Document Type: RESEARCH PAPER
Department of Orthopaedic Surgery, Lampang Hospital and Medical Educational Center, Mueang District, Lampang, Thailand
Background: Femoral stem anteversion during hip arthroplasty is generally estimated by eye intraoperatively and has
proven to be different from targeted values. This study aims to determine the accuracy of a novel technique using a
digital protractor and a spirit level to improve surgeons’ estimation of stem anteversion.
Methods: A prospective non-randomized study was conducted among 93 patients with femoral neck fracture who
underwent cemented hemiarthroplasty via posterolateral approach. In the control group (N=62), five experienced
surgeons assessed stem anteversion related to the posterior femoral condylar plane using visual estimation with a
target angle of 15°-25°. In the study group (N=31), another two surgeons assessed stem anteversion with the same
target angle by placing a digital protractor on the femoral stem inserter handle while the assistant held the leg in the truly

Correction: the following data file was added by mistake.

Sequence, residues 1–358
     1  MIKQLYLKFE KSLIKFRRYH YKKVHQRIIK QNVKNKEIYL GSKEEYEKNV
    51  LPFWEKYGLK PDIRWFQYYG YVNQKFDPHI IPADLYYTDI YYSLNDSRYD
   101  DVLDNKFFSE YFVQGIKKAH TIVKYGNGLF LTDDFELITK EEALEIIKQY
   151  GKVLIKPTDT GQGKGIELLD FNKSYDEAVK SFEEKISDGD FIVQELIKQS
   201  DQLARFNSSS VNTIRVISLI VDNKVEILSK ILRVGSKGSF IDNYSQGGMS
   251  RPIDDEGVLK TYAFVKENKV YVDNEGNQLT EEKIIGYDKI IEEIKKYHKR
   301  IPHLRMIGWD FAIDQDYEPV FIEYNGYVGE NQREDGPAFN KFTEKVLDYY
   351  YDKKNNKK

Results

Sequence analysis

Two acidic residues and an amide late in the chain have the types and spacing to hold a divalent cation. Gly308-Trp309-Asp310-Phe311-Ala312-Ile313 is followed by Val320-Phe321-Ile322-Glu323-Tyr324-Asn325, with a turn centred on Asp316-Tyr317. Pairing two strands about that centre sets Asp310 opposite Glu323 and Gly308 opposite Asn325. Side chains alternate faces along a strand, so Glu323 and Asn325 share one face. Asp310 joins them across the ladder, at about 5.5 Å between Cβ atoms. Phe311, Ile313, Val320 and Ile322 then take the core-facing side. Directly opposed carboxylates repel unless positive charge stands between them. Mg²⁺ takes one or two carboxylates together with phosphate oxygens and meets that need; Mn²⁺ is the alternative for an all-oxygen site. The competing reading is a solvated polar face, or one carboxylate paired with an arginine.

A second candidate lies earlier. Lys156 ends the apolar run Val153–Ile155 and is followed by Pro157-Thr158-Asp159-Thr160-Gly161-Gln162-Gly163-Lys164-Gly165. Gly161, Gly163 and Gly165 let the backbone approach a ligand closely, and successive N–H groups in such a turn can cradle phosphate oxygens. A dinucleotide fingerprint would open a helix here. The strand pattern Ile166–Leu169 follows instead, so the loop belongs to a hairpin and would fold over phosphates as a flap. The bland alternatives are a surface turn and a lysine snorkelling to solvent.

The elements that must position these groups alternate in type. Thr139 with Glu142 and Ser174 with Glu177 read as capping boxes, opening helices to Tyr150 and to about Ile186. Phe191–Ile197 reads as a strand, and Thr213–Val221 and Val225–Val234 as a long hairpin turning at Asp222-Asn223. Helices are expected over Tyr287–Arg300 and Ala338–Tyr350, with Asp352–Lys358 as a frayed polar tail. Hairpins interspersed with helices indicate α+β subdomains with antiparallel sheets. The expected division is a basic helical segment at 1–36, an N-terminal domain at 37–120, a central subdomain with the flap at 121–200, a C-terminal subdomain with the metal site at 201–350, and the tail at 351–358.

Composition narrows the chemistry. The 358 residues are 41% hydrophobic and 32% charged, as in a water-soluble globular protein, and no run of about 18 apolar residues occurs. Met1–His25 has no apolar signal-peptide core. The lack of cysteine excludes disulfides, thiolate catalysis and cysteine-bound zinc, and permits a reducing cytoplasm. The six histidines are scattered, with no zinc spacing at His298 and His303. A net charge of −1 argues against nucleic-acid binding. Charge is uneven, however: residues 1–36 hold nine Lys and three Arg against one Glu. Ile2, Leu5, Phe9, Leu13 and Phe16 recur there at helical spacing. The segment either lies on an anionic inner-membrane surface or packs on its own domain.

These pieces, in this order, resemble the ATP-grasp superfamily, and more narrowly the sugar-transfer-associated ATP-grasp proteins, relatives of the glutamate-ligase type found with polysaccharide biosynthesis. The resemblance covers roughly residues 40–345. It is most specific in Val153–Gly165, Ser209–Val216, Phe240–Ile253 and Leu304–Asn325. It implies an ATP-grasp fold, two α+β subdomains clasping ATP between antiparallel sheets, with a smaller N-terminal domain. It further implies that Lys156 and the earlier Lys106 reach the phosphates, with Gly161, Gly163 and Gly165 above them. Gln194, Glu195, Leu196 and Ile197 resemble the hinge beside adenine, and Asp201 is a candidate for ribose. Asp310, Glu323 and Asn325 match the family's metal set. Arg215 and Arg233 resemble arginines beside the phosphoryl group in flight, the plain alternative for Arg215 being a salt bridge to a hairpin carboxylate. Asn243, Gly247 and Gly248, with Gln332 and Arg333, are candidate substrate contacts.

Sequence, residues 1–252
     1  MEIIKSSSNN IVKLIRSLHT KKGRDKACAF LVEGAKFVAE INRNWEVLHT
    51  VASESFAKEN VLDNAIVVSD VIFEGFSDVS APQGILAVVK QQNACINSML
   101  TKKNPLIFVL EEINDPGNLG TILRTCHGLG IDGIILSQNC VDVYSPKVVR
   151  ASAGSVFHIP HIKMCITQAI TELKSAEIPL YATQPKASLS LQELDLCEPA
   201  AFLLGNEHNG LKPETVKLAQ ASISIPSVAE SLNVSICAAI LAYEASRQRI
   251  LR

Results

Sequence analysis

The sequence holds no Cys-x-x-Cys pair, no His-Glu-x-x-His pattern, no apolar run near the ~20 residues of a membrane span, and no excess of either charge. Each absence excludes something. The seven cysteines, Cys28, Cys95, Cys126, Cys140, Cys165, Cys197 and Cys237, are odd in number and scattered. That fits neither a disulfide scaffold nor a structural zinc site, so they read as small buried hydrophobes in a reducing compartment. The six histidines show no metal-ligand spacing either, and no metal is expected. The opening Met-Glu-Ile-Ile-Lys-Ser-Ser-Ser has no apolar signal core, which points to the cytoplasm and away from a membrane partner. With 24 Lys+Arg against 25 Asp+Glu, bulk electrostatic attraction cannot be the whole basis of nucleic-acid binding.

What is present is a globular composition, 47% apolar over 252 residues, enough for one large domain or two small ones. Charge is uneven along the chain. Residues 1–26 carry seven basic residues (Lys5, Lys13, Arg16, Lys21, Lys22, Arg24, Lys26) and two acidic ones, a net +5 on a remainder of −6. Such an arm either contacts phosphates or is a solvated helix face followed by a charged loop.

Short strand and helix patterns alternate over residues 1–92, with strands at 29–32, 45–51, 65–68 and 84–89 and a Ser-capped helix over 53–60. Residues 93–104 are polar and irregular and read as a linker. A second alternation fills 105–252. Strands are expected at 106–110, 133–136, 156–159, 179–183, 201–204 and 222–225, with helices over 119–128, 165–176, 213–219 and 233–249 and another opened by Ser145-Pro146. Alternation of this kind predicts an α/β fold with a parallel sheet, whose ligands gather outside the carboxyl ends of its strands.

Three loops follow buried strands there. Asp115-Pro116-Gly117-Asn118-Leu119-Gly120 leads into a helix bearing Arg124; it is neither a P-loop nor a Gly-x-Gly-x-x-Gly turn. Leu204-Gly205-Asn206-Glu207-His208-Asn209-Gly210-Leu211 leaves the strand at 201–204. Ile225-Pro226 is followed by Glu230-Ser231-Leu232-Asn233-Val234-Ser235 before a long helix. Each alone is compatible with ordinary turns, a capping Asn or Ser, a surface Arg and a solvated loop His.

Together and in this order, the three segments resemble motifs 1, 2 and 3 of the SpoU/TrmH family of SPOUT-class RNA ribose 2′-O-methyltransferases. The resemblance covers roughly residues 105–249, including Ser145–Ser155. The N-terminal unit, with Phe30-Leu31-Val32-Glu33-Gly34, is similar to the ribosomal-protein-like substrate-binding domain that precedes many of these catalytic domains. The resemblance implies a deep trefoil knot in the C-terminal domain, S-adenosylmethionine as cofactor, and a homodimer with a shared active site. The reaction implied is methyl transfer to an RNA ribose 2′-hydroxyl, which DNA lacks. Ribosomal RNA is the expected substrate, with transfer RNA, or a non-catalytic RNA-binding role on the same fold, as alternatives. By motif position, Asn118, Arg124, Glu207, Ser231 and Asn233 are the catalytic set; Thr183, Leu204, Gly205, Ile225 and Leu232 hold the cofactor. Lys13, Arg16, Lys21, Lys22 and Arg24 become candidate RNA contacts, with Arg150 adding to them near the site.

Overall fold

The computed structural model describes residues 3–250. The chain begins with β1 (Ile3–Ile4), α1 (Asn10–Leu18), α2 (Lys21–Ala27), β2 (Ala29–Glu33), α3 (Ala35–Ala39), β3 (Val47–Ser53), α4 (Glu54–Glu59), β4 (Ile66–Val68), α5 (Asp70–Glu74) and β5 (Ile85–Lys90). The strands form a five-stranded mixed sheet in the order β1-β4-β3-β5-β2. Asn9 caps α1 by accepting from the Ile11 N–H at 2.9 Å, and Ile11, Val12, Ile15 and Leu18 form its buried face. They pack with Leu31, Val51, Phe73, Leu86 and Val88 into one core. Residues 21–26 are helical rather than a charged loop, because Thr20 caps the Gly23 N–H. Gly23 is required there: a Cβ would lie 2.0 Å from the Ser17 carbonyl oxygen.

vertical position, verified by a spirit level that was attached to the shin with cable ties. Stem anteversion was measured
blind, postoperatively, on 2D-CT and compared with the intraoperative results.
Results: The mean postoperative anteversion was 22.4° (-4.2° to 51.3°, SD 11.1°) in the control group and 23.0° (16.0°
to 29.9°, SD 3.6°) in the study group (P=0.810). The study group had more stems positioned in 15°-25° anteversion
(71.0% vs 32.3%, P=0.001) and the mean absolute value of surgeon error was -0.2° (-5.4° to 7.0°, SD 3.0°). Twentyeight
stems of the study group (90.3%) had an error within 5°. Surgeon overestimation >5° was found in 1 hip (3.2%)
and underestimation >5° was found in 2 hips (6.4%).
Conclusion: Using a digital protractor and a spirit level was reliable with high accuracy and precision to improve the
intraoperative estimation of cemented stem anteversion.
Level of evidence: II